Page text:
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Copy of Textiles and Society - A historical perspective

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MrsE Vella

on 19 May 2013

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Transcript of Copy of Textiles and Society - A historical perspective

Human beings have three basic needs -
* Food
* Water and
* Protection in the form of clothing and shelter.

Throughout time these needs have been met in different ways depending upon the technology available. Textiles have played a major role in our quest to protect ourselves since prehistoric days when people used animal skins, for example, to protect their bodies from the sun, cold, wind and rain. Animal skins were used for clothing and shelter. These were chewed and beaten to make them soft and supple. They were then moulded to fit different shapes and sizes depending on whether they were to be used as clothing or shelter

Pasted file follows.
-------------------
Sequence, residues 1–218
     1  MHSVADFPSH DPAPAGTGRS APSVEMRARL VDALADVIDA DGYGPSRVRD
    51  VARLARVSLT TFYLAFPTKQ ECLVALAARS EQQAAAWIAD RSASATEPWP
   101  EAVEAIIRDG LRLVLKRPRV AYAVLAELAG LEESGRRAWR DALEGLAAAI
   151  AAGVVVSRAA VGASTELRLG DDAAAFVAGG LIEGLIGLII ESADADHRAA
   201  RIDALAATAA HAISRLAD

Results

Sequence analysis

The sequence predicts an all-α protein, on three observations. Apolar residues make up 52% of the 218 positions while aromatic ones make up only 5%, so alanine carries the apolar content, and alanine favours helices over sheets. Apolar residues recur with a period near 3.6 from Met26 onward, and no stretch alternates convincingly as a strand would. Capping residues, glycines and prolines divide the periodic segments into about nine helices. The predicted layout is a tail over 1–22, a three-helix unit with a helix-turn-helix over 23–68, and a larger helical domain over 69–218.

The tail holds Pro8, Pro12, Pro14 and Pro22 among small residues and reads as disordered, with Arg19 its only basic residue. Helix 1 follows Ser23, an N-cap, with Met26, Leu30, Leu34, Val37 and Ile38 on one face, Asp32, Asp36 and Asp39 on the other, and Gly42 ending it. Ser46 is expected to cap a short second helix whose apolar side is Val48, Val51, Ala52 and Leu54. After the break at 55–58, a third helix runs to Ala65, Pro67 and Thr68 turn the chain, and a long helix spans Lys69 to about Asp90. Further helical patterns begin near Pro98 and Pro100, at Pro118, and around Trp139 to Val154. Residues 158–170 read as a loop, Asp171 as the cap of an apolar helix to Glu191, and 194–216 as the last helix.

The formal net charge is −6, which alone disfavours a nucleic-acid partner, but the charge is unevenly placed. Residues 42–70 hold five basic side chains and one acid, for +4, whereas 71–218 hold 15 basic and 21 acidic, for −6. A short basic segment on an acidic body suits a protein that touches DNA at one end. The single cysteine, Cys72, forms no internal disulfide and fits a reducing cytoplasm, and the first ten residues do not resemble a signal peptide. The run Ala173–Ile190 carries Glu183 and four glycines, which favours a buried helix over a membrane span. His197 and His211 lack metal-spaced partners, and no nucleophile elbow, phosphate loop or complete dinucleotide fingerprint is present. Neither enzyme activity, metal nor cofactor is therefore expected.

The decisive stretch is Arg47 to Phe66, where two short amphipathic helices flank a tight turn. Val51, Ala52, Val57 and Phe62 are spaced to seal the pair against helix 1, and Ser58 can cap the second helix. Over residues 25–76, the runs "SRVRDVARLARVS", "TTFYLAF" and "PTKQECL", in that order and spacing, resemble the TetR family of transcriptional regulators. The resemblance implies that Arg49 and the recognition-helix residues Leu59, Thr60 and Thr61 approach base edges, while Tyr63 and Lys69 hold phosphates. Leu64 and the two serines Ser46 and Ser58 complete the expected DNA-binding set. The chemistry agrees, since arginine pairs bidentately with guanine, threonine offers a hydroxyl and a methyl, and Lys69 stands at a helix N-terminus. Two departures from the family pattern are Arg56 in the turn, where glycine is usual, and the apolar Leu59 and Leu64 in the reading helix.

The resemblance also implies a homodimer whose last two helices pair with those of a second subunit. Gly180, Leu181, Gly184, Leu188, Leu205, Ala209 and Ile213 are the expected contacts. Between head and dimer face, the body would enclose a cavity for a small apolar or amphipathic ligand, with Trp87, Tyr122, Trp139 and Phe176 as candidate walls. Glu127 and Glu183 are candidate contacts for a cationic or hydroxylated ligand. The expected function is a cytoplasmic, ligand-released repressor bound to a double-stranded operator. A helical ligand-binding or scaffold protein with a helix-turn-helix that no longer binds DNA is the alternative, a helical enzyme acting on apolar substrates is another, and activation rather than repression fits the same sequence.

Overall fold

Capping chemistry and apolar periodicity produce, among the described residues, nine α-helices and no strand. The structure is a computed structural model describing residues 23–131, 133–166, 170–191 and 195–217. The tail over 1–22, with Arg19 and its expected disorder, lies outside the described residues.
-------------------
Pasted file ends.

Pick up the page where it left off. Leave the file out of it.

People discovered that by tearing the skins they could create more even shapes and sizes, thus meeting more of their needs. They began to sew the pieces together, using needles made from thorns or bones and threads made from grass or sinews. The sinews where dried after being removed fro animals killed for food and skins One of the seven wonders of the world of the ancient, the Great Pyramid of Khufu at Giza was built by the Egyptians, approximately 2500 years before the birth of Christ. It is thought that the ancient Egyptians were very clever people who made use of well-developed technology